People often ask, “What does it take to get a divorce in Florida?” The answer is fairly simple. People need to be a Florida resident for the six months prior to the filing of a divorce action, and they must allege and establish that the marriage is “irretrievably broken” meaning that it cannot be repaired under any circumstances. We also frequently hear people say that his or her spouse won’t “agree to the divorce.” We have to explain that it is not up to the other spouse to agree or disagree. If one spouse wants a divorce and the above two criteria are met, it is a certainty that the Court will dissolve the marriage. Sometimes, however, we see situations where one party truly wishes to oppose the divorce, wanting to keep the marriage together, for whatever reason. So what happens under those circumstances?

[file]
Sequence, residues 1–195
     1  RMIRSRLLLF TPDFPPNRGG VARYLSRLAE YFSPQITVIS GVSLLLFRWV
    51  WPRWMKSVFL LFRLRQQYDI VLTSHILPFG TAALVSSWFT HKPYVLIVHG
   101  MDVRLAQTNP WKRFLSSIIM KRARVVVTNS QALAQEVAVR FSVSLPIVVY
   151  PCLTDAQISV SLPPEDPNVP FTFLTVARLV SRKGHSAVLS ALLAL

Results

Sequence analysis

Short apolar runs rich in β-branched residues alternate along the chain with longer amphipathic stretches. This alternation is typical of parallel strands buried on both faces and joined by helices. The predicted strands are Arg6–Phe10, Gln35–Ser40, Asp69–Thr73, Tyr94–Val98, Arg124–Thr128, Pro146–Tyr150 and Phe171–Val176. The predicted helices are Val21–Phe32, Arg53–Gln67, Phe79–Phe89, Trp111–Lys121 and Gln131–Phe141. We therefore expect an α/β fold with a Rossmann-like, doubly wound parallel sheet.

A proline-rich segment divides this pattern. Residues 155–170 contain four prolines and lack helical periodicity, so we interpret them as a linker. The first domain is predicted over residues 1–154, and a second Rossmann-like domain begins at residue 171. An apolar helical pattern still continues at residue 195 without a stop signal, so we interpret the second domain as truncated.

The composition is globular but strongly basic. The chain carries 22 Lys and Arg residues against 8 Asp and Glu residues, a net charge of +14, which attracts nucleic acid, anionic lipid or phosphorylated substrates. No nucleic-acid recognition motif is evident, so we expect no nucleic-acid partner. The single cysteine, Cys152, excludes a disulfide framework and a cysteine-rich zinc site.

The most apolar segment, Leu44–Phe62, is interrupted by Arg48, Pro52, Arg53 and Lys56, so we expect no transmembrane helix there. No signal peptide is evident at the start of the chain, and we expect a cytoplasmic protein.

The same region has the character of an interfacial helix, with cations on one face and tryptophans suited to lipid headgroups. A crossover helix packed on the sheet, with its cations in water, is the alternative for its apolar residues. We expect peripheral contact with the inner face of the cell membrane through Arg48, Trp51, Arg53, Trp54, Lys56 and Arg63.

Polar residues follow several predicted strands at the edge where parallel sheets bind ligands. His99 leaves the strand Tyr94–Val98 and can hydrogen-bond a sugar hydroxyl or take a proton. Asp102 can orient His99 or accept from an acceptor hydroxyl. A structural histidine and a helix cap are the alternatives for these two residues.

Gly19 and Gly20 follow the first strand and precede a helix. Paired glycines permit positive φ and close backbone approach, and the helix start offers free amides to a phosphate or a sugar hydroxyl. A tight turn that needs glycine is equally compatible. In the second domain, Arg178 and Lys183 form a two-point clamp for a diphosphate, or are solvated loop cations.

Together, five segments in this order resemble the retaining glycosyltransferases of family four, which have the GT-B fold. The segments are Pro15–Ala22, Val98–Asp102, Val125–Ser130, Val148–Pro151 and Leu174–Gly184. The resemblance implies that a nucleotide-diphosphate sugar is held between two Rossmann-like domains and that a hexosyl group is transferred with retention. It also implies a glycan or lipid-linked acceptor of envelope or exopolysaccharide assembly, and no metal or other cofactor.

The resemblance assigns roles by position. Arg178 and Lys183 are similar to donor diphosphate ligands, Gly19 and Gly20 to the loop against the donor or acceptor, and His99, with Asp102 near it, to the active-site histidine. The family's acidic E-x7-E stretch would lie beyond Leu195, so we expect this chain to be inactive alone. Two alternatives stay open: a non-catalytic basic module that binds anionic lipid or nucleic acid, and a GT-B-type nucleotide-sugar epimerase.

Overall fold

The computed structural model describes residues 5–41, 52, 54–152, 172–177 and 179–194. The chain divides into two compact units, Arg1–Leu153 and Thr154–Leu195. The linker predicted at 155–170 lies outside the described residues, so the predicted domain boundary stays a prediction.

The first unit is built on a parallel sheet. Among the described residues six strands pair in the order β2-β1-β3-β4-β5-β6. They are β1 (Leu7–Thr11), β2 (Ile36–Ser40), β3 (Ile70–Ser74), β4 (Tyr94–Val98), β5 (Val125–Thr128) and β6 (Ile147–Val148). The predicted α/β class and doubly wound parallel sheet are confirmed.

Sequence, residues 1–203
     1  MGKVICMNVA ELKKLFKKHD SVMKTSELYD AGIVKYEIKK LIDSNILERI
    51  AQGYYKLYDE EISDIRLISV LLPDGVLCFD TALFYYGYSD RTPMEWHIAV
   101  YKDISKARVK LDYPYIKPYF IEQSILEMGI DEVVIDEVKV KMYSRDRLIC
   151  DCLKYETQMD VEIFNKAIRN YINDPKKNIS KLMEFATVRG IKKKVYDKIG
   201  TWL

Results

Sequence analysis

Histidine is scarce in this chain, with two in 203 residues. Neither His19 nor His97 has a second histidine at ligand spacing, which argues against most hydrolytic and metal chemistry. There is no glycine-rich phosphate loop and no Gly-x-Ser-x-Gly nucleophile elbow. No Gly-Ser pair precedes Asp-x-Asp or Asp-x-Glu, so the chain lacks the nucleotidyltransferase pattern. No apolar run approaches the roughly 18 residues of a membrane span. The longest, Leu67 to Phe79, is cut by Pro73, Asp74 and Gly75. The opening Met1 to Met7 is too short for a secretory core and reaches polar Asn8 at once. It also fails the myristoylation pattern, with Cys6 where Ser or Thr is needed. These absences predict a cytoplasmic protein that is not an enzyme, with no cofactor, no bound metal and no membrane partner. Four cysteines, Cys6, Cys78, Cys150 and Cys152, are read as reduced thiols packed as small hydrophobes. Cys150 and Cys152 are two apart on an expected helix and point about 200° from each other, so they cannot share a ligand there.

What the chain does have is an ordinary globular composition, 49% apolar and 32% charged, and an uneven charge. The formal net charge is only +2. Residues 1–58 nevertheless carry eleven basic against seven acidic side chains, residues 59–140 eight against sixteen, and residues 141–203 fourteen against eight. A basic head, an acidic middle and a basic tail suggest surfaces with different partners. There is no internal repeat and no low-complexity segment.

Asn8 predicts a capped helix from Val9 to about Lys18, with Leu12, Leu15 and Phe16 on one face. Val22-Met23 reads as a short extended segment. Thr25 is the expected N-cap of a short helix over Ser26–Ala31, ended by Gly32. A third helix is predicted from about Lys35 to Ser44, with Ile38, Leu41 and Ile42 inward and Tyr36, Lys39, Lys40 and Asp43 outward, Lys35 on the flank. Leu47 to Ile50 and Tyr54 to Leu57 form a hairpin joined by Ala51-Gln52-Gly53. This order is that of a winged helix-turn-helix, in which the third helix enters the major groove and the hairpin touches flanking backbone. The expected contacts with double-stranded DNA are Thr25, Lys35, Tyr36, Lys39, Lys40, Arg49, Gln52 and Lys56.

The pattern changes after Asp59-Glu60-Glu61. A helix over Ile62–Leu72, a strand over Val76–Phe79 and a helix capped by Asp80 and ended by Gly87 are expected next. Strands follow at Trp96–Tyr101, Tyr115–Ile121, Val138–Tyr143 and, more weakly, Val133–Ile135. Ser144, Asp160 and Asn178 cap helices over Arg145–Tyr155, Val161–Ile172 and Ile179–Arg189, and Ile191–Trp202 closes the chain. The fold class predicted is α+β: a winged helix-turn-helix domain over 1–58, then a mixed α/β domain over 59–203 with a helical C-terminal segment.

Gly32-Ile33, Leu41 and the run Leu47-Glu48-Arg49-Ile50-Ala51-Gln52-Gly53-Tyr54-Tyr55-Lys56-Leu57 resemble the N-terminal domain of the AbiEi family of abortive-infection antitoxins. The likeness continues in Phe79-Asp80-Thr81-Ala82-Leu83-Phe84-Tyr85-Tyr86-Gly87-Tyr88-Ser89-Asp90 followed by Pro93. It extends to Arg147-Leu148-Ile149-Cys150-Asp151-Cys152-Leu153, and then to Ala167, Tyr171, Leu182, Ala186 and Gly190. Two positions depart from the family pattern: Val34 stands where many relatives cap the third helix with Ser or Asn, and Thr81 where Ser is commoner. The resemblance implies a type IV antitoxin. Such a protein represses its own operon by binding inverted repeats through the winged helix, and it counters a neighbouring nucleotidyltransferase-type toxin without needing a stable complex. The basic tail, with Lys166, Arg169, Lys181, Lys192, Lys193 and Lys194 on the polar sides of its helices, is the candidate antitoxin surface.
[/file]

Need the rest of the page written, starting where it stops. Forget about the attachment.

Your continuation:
Divorce Courts in Florida have great discretion in how they handle this type of issue. For example, the Court might refuse to grant the divorce without first requiring the parties to participate in some form of marital counseling in an effort to save the marriage. That does not frequently occur, but it is within the Court’s power to do so, particularly where one spouse requests that it do so. Should the other spouse be strongly opposed to the marital counseling, some Courts will see the counseling as a likely waste of time, and will refuse to grant such a request. The facts and circumstances of each divorce case will ultimately guide the Court’s decisions in this regard.
Remember, it is not up to the other spouse to decide if you get a divorce. It is up to the Court. If you need help deciding if a divorce is right for you, or how you should proceed once you have decided to divorce, you need experienced attorneys handling your case.